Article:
- Car and truck
- Meals and entertainment
- Any other expenses from the list above – or simply any other expense related to your business
Filling out the Schedule C
In general you will first calculate your business’s gross income. If you sell anything you will need to calculate the cost of goods sold first in order to get the gross income figure. This is because the cost of goods sold will be deducted from the gross sales to compute the gross profit, leading to gross income. Then you will enter all of your expenses and subtract them from the gross income to get your business net income number.
You will add your net business income from line 31 on your Schedule C to your personal tax return, line 12 on the 1040 – business income or loss. This income will be added to all other sources of income you had in the year. And you will then determine your total adjusted gross income tax liability for the year using the 1040.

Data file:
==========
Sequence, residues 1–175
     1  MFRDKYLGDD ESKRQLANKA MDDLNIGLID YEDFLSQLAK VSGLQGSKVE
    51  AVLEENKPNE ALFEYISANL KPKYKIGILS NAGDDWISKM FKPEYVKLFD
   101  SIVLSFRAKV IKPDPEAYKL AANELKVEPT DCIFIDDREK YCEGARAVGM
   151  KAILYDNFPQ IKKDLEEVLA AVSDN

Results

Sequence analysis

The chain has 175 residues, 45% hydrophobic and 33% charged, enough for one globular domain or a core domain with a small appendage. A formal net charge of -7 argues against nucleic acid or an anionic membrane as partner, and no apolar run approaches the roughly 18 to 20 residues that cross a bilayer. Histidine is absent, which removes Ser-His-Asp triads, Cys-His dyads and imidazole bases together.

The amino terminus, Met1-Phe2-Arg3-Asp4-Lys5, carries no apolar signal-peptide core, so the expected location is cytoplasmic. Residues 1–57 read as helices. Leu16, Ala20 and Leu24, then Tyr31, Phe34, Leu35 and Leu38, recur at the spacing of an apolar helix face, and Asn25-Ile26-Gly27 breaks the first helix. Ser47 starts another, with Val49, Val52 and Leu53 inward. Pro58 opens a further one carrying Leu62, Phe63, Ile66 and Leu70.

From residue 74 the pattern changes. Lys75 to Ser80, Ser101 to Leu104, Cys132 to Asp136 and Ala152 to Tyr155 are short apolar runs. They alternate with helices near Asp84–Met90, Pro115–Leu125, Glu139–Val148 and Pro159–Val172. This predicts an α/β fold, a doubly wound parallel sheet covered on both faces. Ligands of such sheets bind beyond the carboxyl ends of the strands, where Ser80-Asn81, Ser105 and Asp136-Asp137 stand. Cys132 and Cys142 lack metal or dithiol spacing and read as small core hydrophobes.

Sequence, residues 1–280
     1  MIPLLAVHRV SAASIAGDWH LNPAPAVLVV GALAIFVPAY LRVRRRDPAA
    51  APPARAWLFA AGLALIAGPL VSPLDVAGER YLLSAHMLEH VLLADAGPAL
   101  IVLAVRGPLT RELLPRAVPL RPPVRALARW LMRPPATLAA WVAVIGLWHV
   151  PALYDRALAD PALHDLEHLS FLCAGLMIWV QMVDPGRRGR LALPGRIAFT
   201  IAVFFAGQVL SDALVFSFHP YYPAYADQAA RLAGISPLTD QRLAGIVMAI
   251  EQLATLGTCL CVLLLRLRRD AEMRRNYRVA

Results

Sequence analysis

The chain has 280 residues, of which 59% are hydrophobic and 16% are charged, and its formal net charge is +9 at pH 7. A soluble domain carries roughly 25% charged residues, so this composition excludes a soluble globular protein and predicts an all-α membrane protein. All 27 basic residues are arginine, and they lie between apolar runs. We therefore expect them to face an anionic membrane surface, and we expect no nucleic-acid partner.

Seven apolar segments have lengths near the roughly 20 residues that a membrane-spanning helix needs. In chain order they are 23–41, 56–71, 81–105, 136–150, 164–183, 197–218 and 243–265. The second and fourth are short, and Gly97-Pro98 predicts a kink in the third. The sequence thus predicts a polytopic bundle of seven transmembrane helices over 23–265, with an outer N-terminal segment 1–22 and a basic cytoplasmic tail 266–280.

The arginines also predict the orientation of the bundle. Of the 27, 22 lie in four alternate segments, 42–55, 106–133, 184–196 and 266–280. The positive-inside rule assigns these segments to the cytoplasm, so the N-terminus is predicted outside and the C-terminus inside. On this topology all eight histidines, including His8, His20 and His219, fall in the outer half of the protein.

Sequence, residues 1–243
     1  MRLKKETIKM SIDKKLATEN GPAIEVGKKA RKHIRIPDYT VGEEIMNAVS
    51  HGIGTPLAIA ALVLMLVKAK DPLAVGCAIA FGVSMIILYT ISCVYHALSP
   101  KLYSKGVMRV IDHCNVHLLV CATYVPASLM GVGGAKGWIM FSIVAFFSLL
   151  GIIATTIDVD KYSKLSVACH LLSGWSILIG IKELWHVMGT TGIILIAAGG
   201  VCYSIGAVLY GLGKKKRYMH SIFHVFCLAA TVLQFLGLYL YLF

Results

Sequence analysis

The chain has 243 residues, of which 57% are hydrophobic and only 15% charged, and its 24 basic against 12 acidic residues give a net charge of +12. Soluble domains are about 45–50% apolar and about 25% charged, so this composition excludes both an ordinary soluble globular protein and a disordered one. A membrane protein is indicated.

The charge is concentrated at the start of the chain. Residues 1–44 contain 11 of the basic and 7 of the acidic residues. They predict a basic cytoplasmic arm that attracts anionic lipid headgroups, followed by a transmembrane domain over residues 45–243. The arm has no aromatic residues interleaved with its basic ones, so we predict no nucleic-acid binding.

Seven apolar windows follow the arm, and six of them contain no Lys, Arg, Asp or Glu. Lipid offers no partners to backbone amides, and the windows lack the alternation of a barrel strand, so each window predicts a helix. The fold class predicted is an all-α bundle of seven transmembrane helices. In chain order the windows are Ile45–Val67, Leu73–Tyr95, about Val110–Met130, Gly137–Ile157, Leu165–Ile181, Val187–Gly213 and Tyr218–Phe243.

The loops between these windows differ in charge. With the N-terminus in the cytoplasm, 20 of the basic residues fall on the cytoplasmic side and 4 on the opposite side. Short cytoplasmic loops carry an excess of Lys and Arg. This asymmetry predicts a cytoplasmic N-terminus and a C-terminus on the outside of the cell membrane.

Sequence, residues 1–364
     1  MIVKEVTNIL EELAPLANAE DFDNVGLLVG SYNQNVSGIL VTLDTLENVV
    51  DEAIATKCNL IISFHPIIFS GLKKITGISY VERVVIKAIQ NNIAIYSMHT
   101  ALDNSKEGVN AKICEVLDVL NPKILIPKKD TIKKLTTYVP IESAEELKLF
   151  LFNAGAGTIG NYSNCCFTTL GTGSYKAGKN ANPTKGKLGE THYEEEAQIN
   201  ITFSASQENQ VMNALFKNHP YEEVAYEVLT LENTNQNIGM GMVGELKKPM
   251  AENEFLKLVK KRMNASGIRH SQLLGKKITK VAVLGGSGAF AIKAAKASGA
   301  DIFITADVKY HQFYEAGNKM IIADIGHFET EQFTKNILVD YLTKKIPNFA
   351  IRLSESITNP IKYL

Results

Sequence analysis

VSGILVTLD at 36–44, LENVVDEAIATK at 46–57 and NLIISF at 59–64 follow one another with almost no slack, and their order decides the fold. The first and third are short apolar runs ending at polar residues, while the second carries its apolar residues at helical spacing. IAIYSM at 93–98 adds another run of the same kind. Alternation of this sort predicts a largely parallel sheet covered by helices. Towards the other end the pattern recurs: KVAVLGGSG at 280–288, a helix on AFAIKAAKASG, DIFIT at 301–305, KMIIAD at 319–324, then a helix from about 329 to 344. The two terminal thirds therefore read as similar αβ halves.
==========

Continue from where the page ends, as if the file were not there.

If you later realize that you made a mistake on your Schedule C. Maybe you remembered some expenses that you forgot to enter or something of that nature. For obvious reasons you want all of your necessary expenses included. In order to correct this, you will need to file a corrected Schedule C as part of an amended personal tax return using form 1040x.
Schedule SE for self employment tax